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Vice President Kamala Harris said the verdicts in murder trial of Ahmaud Arbery “send an important message” but warned there is still “work to do.”
“Today, the jury rendered its verdicts and the three defendants were found guilty of murdering Ahmaud Arbery,” Harris said in a statement Wednesday. “Still, we feel the weight of grief. Ahmaud Arbery should be alive, and nothing can take away the pain that his mother Wanda Cooper-Jones, his father Marcus Arbery, and the entire Arbery family and community feel today. I share in that pain.”
The vice president’s comments come after jurors in Georgia found Travis McMichael and his father Greg McMichael guilty on in the killing of Arbery Wednesday.
Travis McMichael was found guilty of malice murder, four counts of felony murder, two counts of aggravated assault, false imprisonment and criminal attempt to commit a felony.
Greg McMichael was also found guilty on four counts of felony murder, two counts of aggravated assault, false imprisonment and criminal attempt to commit a felony. Jurors found him not guilty on charges of malice murder.
The McMichael’s neighbor, William “Roddie” Bryan, was found guilty of felony murder and aggravated assault.
“These verdicts send an important message, but the fact remains that we still have work to do,” Harris said. “The defense counsel chose to set a tone that cast the attendance of ministers at the trial as intimidation and dehumanized a young Black man with racist tropes. The jury arrived at its verdicts despite these tactics.”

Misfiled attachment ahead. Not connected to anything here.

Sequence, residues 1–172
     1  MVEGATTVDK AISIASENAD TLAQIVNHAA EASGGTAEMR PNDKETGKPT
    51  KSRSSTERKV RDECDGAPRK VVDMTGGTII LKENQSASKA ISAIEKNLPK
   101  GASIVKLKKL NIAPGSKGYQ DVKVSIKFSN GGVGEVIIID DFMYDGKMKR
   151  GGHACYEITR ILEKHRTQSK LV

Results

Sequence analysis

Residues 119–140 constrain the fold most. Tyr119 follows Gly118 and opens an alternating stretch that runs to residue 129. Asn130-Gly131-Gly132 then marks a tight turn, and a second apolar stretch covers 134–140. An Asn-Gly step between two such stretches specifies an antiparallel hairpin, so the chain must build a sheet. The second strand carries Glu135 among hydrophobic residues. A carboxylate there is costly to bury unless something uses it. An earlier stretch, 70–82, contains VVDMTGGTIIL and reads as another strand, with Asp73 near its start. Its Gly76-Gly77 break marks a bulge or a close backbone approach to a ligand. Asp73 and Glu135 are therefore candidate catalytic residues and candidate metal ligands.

Harris was not the only prominent Democrat to speak out about Wednesday’s verdict, with Democratic National Committee Chair Jaime Harrison and DNC Black Caucus Chair Virgie Rollins also releasing a statement celebrating the verdict.
“While this verdict does not make Ahmaud Arbery’s loved ones whole again, his killers have been held accountable and healing can begin. No American should be afraid to go for a jog or for a walk in the United States because of the color of their skin.,” the statement read.
The statement went on to say that the “grief that courses through the Black community each time another senseless act of violence is committed is far too familiar,” while declaring that similar victims’ “lives and contributions hold tremendous value and meaning. They should be here.”
“While today we applaud the justice system working for Ahmaud Arbery, we know it has too often failed so many, and so we must continue to act to dismantle systemic racism and ensure equity and accountability for all under the law,” the statement said.
The Congressional Black Caucus echoed a similar sentiment to Harris, with Rep. Donald Payne, D-N.J., calling the verdict the “correct” one, while Rep. Steven Horsford, D-Nev. called on Congress to fight for criminal justice reform and gun control.
“In the aftermath of this horrific episode, Congress has a moral obligation to make our nation fairer and safer for all Americans,” Horsford said in a statement Wednesday. “There must be accountability for hate, there must be criminal justice reform, and there must be common-sense gun reform.”
President Biden also weighed in on the verdict Wednesday, saying it was a “devastating reminder of how far we have to go in the fight for racial justice in this country.”
“Mr. Arbery should be here today, celebrating the holidays with his mother, Wanda Cooper Jones, and his father, Marcus Arbery. Nothing can bring Mr. Arbery back to his family and to his community, but the verdict ensures that those who committed this horrible crime will be punished,” Biden said.